I have two queries,

select some_other_column 
from `table` 
order by primary_index_column asc 
limit 4000000, 10;


select some_other_column 
from `table` 
order by secondary_index_column asc 
limit 4000000, 10;

Both return 10 rows; the first takes 2.74 seconds, and the second takes 7.07 seconds. some_other_column is not a part of any index. primary_index_column is the primary key column; secondary_index_column has a b-tree index and a cardinality of 200 (according to MySQL).

Here are the explain results:

mysql> explain select some_other_column from `table` order by primary_index_column limit 4000000, 10;
| id | select_type | table   | type  | possible_keys | key     | key_len | ref  | rows    | Extra |
|  1 | SIMPLE      | table   | index | NULL          | PRIMARY | 4       | NULL | 4000010 |       |

mysql> explain select some_other_column from `table` order by secondary_index_column limit 4000000, 10;
| id | select_type | table   | type | possible_keys | key  | key_len | ref  | rows    | Extra          |
|  1 | SIMPLE      | table   | ALL  | NULL          | NULL | NULL    | NULL | 4642945 | Using filesort |

Why does MySQL choose that specific execution plan for the second query? I don't understand why it can use the index for the first query but not for the second query.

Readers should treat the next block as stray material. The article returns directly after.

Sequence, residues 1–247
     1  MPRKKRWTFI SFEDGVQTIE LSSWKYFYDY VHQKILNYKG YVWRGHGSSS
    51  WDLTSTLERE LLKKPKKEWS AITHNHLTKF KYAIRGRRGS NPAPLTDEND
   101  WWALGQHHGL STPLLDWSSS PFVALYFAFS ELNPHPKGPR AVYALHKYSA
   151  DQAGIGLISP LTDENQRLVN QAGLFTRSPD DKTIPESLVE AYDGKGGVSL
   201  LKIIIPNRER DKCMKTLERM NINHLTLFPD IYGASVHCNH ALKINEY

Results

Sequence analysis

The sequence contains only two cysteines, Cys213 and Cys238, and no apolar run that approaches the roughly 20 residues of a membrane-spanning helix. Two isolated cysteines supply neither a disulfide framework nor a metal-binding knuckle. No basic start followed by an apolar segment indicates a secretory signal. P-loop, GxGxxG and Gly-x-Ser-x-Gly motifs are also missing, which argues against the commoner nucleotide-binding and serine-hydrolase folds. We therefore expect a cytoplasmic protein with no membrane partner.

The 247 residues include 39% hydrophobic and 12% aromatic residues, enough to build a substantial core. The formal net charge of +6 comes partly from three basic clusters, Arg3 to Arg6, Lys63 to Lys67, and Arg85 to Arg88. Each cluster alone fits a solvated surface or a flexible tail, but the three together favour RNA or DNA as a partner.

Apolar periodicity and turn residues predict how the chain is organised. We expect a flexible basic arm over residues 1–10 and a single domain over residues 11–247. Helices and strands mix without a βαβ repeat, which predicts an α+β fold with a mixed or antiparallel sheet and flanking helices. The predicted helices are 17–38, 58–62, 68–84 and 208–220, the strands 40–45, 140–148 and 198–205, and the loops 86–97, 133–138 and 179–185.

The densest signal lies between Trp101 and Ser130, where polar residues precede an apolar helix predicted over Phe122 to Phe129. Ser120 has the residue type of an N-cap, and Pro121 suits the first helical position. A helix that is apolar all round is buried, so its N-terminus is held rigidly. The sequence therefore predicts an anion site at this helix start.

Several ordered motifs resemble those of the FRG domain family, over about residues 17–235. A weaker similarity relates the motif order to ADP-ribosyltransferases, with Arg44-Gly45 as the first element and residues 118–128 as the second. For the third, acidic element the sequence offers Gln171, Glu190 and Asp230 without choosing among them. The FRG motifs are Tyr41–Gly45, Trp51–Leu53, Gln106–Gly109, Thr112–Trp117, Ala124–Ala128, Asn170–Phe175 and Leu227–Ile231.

2 Answers 2


An indexed column in InnoDB always has an additional key to the gen_clust_index (aka Clustered Index) attached to it. This would be traversed by the first query to get to row 4000000 in the order of the index. Since it is the only column being requested, access to the table is unnecessary.

The second query has to collect the non-indexed column from the table along with the indexed column into a temp table. The temp table is then sorted before presenting the non-indexed column as SELECT output.

Notice another contrast

  • The table count is 4636881
  • The EXPLAIN plan for the first query traversed 4000010 indexed_column keys. No need to read the last 636871 keys.
  • The EXPLAIN plan for the second query traversed 4636881 rows ordered by indexed_column. For every row picking up the non-indexed column out of the table, the indexed column (already sorted by the index) is looked up and comes along for the ride. The tmp table gets ordered by the indexed column, and mysqld then dismisses the first 4000000 rows, leaving 10 rows. All that interaction between table and index just for 10 rows is the bottleneck.


In both instances, the query specfies the number of rows to traverse. Since the number of rows in the table is 4636881, we should readily expect a full scan. The contrast becomes apparent when the MySQL Query Optimizer decides where to perform the full scan.

  • The first query is referencing an indexed column only in the SELECT list and the WHERE clause. The MySQL Query Optimizer chooses to perform a full index scan with no need to contact the table since everything needed is in the index.
  • The second query is referencing an indexed column in the WHERE clause. However, it must reach out the table to retrieve the corresponding non-indexed column. The MySQL Query Optmizer was tipped off by the query that it must not use the index becasue of the number of rows it was expected to read. As a rule of thumb for any RDBMS, if more than 5% of a table has to be read to fulfill a query, the MySQL Query Optimizer will just throw the index 'under the bus' and do a full table scan.